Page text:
Keeping a tiny human alive is a pretty important job. Especially when you’re exhausted and running on the least amount of sleep you’ve ever had. Thankfully, their needs are simple - plenty of love, sleep, a clean bum and food. That’s where the best baby bottle comes in. The best baby bottle is honestly, the one your baby likes most. Ideally, it’s easy to use (for you and baby) and easy to clean. Here are our picks for Australia’s top baby bottle, including bottles that support breastfeeding and glass baby bottles. They’ve been chosen from hours of internet sleuthing and poring over consumer reviews.
How we picked
Our picks have been informed by real Aussie parents’ opinions about baby bottles on ProductReview.com.au, Australia’s first consumer opinion website. We picked top-rated products to suggest the baby bottles that work best for some parents and babies - and hopefully you, too.
Once we’d gathered some top-rated options, we swung by Canstar Blue, an Australian consumer review and comparison website. They’ve run a recent baby bottle survey, letting us know 6 brands that have pleased parents and their babies.
Finally, we did a spot of virtual shopping, trying to find other top-rated options. There you have it - the 8 best baby bottles in Australia.
The bottom line
Reader, it’s tricky to say for certain which is the best baby bottle. Because every baby is different - as you’ll know from your parenting group when someone else’s baby is sleeping through the night at 12 weeks old and yours doesn’t know the meaning of the word ‘sleep’. This means there’s no 1 bottle that will suit every baby. To find the best one for your baby, it’s going to be some trial and error.
That’s why we’ve focused on bringing you picks for different types of bottle, whether you’re looking for ones that might help with colic and wind or you’re eco-conscious.
Which material is best for a baby bottle?
Through our research we found 2 materials used to make baby bottles: glass or plastic.
Glass is more hard-wearing and hygienic than plastic. But it’s normally heavier and can be dangerous if it breaks. You shouldn’t need to replace a glass baby bottle, unless it chips or breaks.
Plastic is lightweight and affordable. But it’s less durable than glass and needs to be carefully cleaned to avoid scratches, which bacteria can lurk in. All plastic bottles should be BPA- and other nasties-free and they should be replaced every 3 months or so.
You can also get stainless steel or silicone baby bottles, but we didn’t come across any top-rated ones during our research.
Glass and plastic both have their own pros and cons, neither is better than the other so it’ll come down to personal preference and budget. Glass bottles are far more expensive than plastic, but they’ll last longer.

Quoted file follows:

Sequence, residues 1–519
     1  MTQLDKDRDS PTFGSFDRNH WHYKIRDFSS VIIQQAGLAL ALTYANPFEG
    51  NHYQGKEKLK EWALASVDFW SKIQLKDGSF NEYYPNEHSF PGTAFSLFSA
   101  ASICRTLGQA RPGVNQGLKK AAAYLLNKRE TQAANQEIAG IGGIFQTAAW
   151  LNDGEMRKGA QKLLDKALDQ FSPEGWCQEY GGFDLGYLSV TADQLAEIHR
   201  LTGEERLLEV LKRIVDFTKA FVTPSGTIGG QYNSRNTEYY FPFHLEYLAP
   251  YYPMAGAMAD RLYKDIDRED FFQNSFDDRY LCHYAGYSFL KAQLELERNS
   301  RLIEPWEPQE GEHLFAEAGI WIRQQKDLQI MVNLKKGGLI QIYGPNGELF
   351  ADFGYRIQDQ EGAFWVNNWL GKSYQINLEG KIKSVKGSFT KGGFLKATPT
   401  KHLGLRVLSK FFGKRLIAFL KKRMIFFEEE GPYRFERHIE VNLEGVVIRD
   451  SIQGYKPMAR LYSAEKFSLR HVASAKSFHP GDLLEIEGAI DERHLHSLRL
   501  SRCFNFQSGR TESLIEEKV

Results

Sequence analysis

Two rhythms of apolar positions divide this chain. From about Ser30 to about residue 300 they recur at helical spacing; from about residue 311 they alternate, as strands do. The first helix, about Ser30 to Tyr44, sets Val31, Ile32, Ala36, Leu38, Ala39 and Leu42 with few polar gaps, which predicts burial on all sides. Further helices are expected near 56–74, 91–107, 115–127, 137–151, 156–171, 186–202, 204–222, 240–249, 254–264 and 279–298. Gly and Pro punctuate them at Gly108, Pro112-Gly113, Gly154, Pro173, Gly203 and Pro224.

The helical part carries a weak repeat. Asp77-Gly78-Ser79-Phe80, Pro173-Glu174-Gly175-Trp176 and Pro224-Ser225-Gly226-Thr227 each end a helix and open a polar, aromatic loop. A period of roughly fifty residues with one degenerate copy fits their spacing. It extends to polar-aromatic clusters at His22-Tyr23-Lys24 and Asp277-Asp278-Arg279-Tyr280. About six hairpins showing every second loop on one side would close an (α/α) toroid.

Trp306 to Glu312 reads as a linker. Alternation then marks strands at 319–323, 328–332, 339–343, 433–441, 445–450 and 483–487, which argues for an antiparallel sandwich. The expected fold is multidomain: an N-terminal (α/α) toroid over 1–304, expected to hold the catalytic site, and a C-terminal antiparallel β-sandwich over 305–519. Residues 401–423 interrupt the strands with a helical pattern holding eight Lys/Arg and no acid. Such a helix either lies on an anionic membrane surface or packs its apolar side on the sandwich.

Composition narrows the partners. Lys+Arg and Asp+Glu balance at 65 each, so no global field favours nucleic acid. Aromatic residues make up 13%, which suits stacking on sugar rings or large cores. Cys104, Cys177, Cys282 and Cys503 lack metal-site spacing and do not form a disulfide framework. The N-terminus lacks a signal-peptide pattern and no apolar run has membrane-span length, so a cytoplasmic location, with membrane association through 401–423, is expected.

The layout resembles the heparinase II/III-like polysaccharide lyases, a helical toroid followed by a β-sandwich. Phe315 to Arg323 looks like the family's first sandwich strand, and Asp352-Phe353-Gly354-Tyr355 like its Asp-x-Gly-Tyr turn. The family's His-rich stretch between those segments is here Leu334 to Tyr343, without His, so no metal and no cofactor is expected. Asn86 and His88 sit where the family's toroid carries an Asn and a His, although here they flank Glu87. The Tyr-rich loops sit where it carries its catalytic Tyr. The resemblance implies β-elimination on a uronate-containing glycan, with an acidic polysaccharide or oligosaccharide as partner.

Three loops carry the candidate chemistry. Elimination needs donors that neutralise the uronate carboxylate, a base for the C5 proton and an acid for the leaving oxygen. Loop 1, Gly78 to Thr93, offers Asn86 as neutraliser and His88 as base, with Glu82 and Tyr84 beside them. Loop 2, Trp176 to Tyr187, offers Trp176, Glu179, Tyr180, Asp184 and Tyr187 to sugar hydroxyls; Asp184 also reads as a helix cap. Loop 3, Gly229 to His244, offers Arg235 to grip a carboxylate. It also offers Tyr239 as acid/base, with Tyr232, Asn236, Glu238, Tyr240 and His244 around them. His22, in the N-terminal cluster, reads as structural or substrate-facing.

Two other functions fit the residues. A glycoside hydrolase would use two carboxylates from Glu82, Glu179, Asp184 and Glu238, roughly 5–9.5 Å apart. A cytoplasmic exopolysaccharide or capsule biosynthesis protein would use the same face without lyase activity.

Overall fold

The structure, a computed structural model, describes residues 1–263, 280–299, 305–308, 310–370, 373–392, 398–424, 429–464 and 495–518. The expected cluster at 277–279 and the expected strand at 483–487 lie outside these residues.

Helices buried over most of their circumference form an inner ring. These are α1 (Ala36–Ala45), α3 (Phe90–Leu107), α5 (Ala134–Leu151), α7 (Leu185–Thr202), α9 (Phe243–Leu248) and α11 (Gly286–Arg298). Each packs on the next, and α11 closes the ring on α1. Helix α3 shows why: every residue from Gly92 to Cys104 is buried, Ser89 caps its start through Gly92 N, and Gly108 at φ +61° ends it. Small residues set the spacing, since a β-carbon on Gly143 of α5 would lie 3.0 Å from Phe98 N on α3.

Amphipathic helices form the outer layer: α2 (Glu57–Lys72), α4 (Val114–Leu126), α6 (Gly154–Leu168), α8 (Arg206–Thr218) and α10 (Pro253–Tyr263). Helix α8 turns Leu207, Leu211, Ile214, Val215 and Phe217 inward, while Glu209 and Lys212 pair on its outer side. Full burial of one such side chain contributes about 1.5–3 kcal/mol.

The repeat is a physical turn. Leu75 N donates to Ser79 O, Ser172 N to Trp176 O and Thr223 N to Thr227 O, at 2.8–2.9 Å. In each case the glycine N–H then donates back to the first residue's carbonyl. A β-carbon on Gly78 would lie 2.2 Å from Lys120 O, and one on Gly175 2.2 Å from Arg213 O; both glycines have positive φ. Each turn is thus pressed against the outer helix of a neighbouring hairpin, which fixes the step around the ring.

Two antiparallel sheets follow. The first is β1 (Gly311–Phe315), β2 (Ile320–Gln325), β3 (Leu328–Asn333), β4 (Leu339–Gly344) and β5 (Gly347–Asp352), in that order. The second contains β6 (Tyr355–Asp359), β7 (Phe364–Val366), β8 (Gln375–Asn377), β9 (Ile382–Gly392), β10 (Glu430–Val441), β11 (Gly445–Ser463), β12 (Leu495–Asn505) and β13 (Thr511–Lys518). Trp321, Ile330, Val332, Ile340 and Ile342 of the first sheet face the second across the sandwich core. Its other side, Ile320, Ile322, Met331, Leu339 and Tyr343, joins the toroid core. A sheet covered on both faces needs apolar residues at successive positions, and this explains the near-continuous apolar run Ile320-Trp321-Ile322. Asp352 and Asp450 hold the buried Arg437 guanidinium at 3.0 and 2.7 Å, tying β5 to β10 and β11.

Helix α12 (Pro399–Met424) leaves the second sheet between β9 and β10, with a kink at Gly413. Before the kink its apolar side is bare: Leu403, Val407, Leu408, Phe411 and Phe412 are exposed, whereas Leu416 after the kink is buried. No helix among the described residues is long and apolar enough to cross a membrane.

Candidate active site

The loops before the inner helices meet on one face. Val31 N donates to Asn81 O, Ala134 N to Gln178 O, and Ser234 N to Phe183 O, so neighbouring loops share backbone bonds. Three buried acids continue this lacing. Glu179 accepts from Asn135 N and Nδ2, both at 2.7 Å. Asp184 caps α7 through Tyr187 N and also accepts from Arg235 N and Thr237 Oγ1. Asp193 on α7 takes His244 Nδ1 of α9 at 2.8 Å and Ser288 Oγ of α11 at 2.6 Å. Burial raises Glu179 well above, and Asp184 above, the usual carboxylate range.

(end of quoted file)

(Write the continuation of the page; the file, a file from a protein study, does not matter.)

Can baby bottles help with colic?
Many baby bottles claim they reduce colic. This is normally through anti-colic valves in the teats, or in the bottle’s base. These valves help avoid baby swallowing too much air as they feed, lessen gas bubbles in baby’s tummy and slow the milk flow.
But medical professionals still don’t really understand colic. They’re not sure what it is, what causes it and what prevents it. Usually, the evidence most baby bottle manufacturers present is anecdotal and got through surveys; it’s what parents and their babies experience, personally.
If you’ve got a colicky baby and are desperate for some relief, there’s no harm in trying an anti-colic baby bottle.
How many bottles do I need?
Our advice is not to stock up on loads of baby bottles to begin with. Choose 1 or 2 bottles and see what baby prefers. Once they’ve got a favourite, you’ll need 6-8 bottles if you’re exclusively bottle feeding. If you’re doing a mixture of breast and bottle, you’ll need at least 2-3.
Oh, it’s also a good idea to pick up a bottle brush, steriliser or sterilising tablets to help with cleaning.
What should I look for in a teat?
As milk flows through it and feeds your baby, the most important thing about a baby bottle is the teat. Here’s what to look for:
- Shape: The traditional teat shape is a bell shape. You can also get ‘orthodontic’ teats that are designed to protect baby’s palate and which manufacturers claim more resemble a nipple. There’s no proof that 1 shape is better than the other, so it’ll come down to what baby prefers.
- Material: Teats can be either brownish rubber (latex) or clear silicone. Silicone is more durable than rubber which means it withstands repeated washing and sterilising better. Latex needs to be replaced often as it deteriorates quickly. Latex tends to feel soft and pliable while silicone feels firmer and silkier. Again, it just depends which your baby prefers although silicone won’t need to be replaced as often as latex.
- Flow rate: Teats support different flow rates. How slow or fast milk comes out is controlled by the size of the hole in the teat. Slow (with a pinhole opening) suits 0-3 months, medium 3-6 months and fast over 6 months. Manufacturers should clearly label what size and age the teat is suitable for so you’re not stuck with a 3 month+ teat when you’ve got a hungry newborn.
Or how to move your sleeping baby, without waking them (not guaranteed).
Or how to get stuff done while still being close to your baby.